Shorinji Kempo was founded by So Doshin in 1947. He developed a system based on the techniques and the philosophy that he learned in China. So Doshin wanted to recreate the idea Boddhidharma had when he taught martial arts and zen philosophy at the Shaolin Temple.
Shorinji Kempo is not only a martial art or self defence. The basis of Shorinji Kempo is not to raise tough fighters, but to develop people who can act, help others and create a better society. Shorinji Kempo has three basic goals for its practitioners:
These are goshin rentan [護身練胆] (ability in self-defence), seishin shūyō [精神修養] (mental development) and kenkō sōshin [健康増進] (improved health). On often refer to Shorinji Kempo as a gyō [行] (discipline) that develops individuals.
The practice also have two basic concepts of how the practice is done, these are jiko kakuritsu [自己確立], which means “to build up one’s own self” and jita kyōraku [自他共楽] “mutual happiness for oneself and others.” One should never use Shorinji Kempo to create conflicts or to show off strength for one’s own gain. Even if one is forced to use one’s knowledge that should be the last resort. Shorinji Kempo should help instead of being upset. This philosophy, known as Kongo Zen and is based on Buddhism, is a very central part of Shorinji Kempo.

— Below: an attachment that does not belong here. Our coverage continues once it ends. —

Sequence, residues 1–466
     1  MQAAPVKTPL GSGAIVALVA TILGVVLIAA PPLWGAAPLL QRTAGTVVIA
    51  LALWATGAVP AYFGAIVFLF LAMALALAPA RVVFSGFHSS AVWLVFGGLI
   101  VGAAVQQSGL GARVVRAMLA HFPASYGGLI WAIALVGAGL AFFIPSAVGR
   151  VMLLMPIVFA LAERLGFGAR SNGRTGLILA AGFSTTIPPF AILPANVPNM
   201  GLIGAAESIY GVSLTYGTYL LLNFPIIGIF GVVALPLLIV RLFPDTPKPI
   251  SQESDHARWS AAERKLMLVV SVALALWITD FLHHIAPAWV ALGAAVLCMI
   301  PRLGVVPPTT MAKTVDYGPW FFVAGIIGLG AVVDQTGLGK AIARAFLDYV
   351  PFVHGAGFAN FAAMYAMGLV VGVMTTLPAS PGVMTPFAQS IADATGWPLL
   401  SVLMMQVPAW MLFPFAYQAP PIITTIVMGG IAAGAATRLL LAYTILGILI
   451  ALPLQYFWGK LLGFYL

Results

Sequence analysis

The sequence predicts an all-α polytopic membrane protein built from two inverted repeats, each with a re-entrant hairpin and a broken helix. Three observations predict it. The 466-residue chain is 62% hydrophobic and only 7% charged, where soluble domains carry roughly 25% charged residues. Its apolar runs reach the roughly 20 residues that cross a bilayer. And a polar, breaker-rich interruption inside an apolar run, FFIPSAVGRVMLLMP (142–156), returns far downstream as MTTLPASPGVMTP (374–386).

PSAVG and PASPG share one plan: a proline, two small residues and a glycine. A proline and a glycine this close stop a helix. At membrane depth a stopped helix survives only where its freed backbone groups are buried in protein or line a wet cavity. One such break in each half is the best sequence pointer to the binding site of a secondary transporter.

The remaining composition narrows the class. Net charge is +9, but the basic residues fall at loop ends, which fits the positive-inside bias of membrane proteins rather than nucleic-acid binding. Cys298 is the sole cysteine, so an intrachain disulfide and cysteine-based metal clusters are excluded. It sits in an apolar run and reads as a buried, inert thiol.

The organisationen is led by Shorinji Kempo Hombu (headquarters), located in the small town Tadotsu in Japan, which also issue all grading certificates. All Shorinji Kempo branches in Sweden are members of the Swedish Shorinji Kempo Federation (SSKF) (in Swedish Svenska Shorinji Kempoförbundet) wich is a sub-federation to the Swedish Budo & Martial Arts Federation (SB&K) (in Swedish Svenska Budo- och kampsportsförbundet) and by that the branches are also members of the Swedish Sports Confederation (Riksidrottsförbundet, RF). All branches are also, of course, members of the World Shorinji Kempo Oranization (WSKO).
Shorinji Kempo is also one of the nine gendai budō [現代武道] (modern budo*) which, together with the Nippon Budokan [日本武道館] formes the organization Nippon Budō Kyōgikai [日本武道協議会]. The nine gendai budō are: Aikido, Judo, Jukendo, Karatedo, Kendo, Kyudo, Naginata, Shorinji Kempo and Sumo.
* Modern, or gendai, budo refers to budo (Japanese martial arts) that are founded after 1868. Budo from before 1868 are called koryū budō [古流武道], or “old-style” martial arts.